SummaryThe heterostyle Primula vulgaris is a rare and declining species in Northern Belgium; its presence is restricted to a limited number of small landscape elements in a matrix of intensively managed agricultural land. In 1986 and 1999 we recorded numbers of pin-thrum flower morphs in respectively 34 and 89 populations.No structural imbalance in flower morph numbers was found, but imbalances were significantly larger in small populations. Moreover, relative imbalance also increased between 1986 and 1999. Population persistence however, was not correlated with morph imbalance: changes in population size between the two survey periods did not depend on initial flower morph imbalance.Results are compared with other heterostyly-related population research in Primula species and the relative importance of deterministic and stochastic processes for population persistence are discussed. To conclude, the introduction of missing morphs into relic populations with only pin or thrum plants is suggested to reduce pollinator-limited seed set.
Previously unexploited legume species may offer utilization potential where environmental stresses constrain the use of more conventional forage crops. Melilotus indicus (L.) All., Yellow sweet clover, occurs as a weed in different habitats in Egypt. It grows in moderately saline areas, where traditional forage legumes cannot be cultivated. Our extensive field studies have recorded the species in many different habitats ranging from healthy agricultural lands to abandoned saline areas. The studied plants maintained high nodulation capacity (68 – 95%) and nitrogenase activities (about 1.81 μmol C2H4 plant−1 h−1) in different habitats. Greenhouse experiments demonstrated that seed germination was maintained at 80% when growing on substrats containing 200 mM NaCl and that 25% of the germination capability was preserved when 300 mM NaCl was added to the growth medium. The growth rate of seedlings was not significantly affected by 200 mM NaCl but was reduced by 30% under 300 mM NaCl. It is supposed that M. indicus uses a salt inclusion mechanism for maintaining growth under saline conditions, as it accumulated high amounts of Na+ and Cl− ions. Leaf succulence and indices of leaf water status did not differ among the salt treatments, whereas relative water content was reduced by only 3% and water content at saturation increased by about 14% at high salt concentrations in the growing medium. Our results suggest recommending the cultivation of M. indicus in salt-affected soils, which are widespread and pose a problem for the farmers of Egypt and other countries in the world's arid belt.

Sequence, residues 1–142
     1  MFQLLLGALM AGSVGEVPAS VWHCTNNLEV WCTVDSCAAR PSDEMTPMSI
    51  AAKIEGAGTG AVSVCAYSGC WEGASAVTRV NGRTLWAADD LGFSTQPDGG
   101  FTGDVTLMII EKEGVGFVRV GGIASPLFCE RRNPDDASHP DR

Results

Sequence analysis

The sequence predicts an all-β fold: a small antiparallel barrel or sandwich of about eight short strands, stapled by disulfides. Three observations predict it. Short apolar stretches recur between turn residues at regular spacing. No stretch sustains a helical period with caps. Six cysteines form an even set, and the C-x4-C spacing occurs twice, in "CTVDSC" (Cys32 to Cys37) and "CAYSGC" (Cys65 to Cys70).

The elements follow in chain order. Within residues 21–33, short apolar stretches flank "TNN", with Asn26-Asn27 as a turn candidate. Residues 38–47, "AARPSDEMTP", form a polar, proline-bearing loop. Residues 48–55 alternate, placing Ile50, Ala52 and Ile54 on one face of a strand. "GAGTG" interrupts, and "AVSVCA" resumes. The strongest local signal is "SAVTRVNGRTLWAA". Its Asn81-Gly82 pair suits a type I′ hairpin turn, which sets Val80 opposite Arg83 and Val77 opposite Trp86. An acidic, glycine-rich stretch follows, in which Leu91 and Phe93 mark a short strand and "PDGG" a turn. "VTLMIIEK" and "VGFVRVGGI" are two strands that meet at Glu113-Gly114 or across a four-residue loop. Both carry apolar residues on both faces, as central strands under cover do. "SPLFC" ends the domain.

This study, aimed at elucidating changes in the foliar and cambial behavior in Azadirachta indica (Neem tree) due to coal-smoke pollution, has revealed inhibitory effects of pollution stress on leaf pigments concentrations, nitrate reductase activity and the contents of reducing sugars and total N content, whereas stimulatory effects were given on stomatal index and nitrate and sulphur contents. Under smoke effects, stomatal conductance was low, leading to a drop in the net photosynthetic rate and a rise in the internal CO2 concentration of leaf. Cambial reactivation in the stem was delayed at the polluted site. Although the total span of the cambial activity was reduced, greater amount of wood was observed to accumulate in the stem axis under heavy pollution stress. Vessel proportion in the wood increased, whereas size of vessel elements and xylem fibers decreased. “Vulnerability factor” (ratio between mean vessel diameter and mean vessel abundance) and “mesomorphic ratio” (multiplication product of vulnerability factor and mean length of vessel element) of the stem–wood, both declined with increase in the pollution stress, thus indicating a tendency of the species for shifting towards xeromorphy when grown under stress. Given the opposite trends of photosynthetic rate and wood increment, the carbon-partitioning pattern rather than the photosynthetic rate seems to have influenced the accumulation of new wood. The Neem tree proves to be suitable for growing in the polluted areas.
The morphology and distribution of leaf trichomes of Tetradenia riparia were studied using light and scanning microscopy. Three morphologically distinct types of trichomes were observed on T. riparia leaf surfaces: glandular capitate (short and long stalked), peltate and non-glandular. The glandular and non-glandular trichomes were present in abundance on both the adaxial and abaxial surfaces. Young leaves were densely covered with trichomes; however, the density of trichomes decreases progressively with leaf maturity. This suggests that the trichomes are established early in leaf differentiation and their density decreases with leaf development and age.